Saint, mystic, Mamma. Activist, author, Doctor of the Church. These are some of the ways that the young Catherine di Benincasa would come to be remembered. After receiving visions of Christ when she was only a child, Catherine devoted herself to religious sacrifice, compelled by the knowledge that God had bigger plans for her. When her life of penitence and privation led her to join the Dominican Order, her piety soon began to earn her a following. And as news started to spread of the small miracles that surrounded her – like her levitation during prayer and her ability to restore the deathly ill – the church was ready to sit up and pay attention. The growing belief in Catherine’s holiness gave her remarkable access to the inner sanctum of the patriarchal Catholic church, even to the Pope himself. But her spiritual devotion would eventually led to her demise, as her lifelong commitment to fasting and starvation ultimately took its toll on her.
Join us as we return to 14th century Europe, far away from the battlefields of France to the solitude and reflection of Catherine of Siena.
Bell, Rudolph M. Holy Anorexia. The University of Chicago Press, 1985.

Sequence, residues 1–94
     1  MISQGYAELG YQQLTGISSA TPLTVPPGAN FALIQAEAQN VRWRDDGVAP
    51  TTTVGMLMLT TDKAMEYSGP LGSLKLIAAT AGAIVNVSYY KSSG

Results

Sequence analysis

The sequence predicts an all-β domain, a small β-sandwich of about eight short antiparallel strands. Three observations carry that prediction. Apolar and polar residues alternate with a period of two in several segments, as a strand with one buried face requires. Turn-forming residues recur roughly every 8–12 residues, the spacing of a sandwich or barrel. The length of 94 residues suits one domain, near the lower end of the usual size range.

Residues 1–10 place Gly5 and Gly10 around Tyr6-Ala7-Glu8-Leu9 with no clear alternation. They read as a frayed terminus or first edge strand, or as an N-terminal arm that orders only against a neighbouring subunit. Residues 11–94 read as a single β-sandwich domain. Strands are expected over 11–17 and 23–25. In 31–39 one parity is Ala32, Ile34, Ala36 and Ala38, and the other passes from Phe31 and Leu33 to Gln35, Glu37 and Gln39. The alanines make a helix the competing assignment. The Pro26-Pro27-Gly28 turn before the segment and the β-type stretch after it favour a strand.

Cavallini, Guiliana. Catherine of Siena. Bloomsbury Publishing, 2005.
Egan, Jennifer. ‘Power Suffering’. The New York Times, 1999 https://archive.nytimes.com/www.nytimes.com/library/magazine/millennium/m2/egan.html
Luongo, F Thomas. The Saintly Politics of Catherine of Siena. Cornell University Press, 2006.
Walker Bynum, Caroline. Holy Feast and Holy Fast: The Religious Significance of Food to Medieval Women. The University of California Press, 1987.
One Comment Add yours
I fucking loved this episode – like you two, I find the lives of the women saints absolutely fascinating. And slightly horrifying. Great food for thought here on feminine power, and it’s expanded on my ideas of women seen as containers waiting to be filled.